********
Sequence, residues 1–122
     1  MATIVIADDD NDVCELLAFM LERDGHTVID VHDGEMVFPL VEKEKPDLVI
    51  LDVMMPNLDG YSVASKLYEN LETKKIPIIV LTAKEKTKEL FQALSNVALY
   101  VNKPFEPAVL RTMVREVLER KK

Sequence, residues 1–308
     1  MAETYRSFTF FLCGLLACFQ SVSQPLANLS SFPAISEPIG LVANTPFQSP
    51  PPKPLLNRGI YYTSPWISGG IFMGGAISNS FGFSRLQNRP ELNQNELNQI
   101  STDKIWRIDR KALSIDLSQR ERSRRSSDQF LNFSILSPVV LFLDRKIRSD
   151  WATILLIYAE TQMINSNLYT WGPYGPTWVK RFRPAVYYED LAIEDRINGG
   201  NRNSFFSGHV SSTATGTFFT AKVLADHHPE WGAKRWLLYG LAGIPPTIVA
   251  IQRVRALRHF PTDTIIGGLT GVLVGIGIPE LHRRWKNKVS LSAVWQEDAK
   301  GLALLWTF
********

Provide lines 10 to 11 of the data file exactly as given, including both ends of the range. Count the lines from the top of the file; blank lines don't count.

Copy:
   201  NRNSFFSGHV SSTATGTFFT AKVLADHHPE WGAKRWLLYG LAGIPPTIVA
   251  IQRVRALRHF PTDTIIGGLT GVLVGIGIPE LHRRWKNKVS LSAVWQEDAK